We have already learned about the factors that influence how to choose the test techniques. Now let’s dive into the actual test techniques. At a high level, the test techniques can be categorized into two groups – Black-box techniques and White-box techniques. In this article, we will discuss the Black-box testing techniques. We will cover each method in detail as a separate article, but let’s give you an overview of them here!
- What is the Black box testing technique?
- How to do Black box testing?
- Black-box technique and its typical characteristics
- Types of Black-box testing techniques
What is Black Box Testing Technique?
The black box is a testing type where the tester doesn’t know the internal design of the component or system which undergoes testing. So if we don’t know the internal design, how do we ensure that our test cases can still find defects and provide excellent coverage? It is where Black Box testing techniques come into the picture. These are scientific and time tested techniques that will help us get maximum coverage in minimum test cases.
How to do Black Box Testing
We already know what Black box testing is, and we are going to learn it’s techniques (which is an efficient way of creating test cases for a black box testing type). But before we dive in there, it’s essential to know a few critical characteristics of Black box testing. Additionally, it’s equally important to understand what it takes to execute a black box test type successfully.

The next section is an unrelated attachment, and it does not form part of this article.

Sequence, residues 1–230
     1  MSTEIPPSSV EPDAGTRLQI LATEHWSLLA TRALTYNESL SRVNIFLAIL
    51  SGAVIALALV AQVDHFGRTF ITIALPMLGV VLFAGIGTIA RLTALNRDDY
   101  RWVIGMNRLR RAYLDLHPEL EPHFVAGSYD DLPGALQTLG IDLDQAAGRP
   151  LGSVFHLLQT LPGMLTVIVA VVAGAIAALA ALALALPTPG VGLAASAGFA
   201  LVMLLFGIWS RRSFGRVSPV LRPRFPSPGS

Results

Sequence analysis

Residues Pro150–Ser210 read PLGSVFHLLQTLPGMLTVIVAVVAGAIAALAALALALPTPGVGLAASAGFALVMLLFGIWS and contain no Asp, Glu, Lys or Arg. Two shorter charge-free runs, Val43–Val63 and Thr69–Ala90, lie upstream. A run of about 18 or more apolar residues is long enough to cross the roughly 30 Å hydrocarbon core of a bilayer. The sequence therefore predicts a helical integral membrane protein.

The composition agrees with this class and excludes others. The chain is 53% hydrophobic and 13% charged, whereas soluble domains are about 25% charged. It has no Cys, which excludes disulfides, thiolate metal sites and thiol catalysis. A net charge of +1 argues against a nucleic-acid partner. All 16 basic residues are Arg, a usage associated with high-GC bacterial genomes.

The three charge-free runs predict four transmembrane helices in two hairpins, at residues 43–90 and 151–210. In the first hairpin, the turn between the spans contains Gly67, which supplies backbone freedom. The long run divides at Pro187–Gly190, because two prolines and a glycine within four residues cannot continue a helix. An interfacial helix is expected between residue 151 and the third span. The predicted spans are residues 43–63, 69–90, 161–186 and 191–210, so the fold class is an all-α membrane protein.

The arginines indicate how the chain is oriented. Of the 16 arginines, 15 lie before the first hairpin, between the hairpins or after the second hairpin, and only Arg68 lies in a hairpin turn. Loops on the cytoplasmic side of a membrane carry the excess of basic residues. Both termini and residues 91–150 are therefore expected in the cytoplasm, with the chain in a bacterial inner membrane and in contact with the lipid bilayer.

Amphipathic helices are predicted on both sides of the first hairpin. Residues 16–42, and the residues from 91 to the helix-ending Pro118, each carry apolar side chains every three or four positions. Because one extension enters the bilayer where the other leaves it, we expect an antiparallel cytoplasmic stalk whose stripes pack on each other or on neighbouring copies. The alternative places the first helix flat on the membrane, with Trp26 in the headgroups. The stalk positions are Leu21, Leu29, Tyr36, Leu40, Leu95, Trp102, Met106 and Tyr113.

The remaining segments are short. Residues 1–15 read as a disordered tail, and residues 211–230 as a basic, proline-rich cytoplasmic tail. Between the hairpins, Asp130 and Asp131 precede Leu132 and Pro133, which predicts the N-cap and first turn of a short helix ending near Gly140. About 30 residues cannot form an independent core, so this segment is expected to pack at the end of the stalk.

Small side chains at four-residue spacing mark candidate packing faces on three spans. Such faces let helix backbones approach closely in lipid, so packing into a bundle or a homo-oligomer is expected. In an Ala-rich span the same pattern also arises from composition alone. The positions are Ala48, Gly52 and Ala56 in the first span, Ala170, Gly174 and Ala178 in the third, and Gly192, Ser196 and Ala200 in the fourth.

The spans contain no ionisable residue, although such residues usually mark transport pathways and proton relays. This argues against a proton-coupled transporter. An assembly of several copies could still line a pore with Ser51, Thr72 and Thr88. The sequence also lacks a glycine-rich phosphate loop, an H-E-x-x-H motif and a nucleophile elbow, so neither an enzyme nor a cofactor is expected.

- Understand the Requirements: The first step to execute a black box testing is to understand the system requirements thoroughly. As the internal system design is not known to us, the system requirements act as the source of truth to create effective test cases. Any understanding gap must be clarified, and the tester should ensure that specifications are detailed enough to write a black-box test case successfully.
- Effective Test case Creation: Once the requirements are understood, the next step is to create test cases. The biggest challenge is to write test cases that are effective enough to find defects (Remember – We don’t know the internal design !). We will discuss the actual techniques in detail later, but keep in mind that it’s essential to ensure that our test cases cover below.
- Happy Paths – These are the Critical business scenarios where we give positive inputs. Additionally, happy paths involve the most commonly used steps. For instance, a successful login if I provide a valid user id and password.
- Alternate Paths – These are critical business scenarios that involve positive inputs. However, the steps are not the most commonly used. E.g., I should be able to automatically log in if my session doesn’t expire without inputting user id and password again!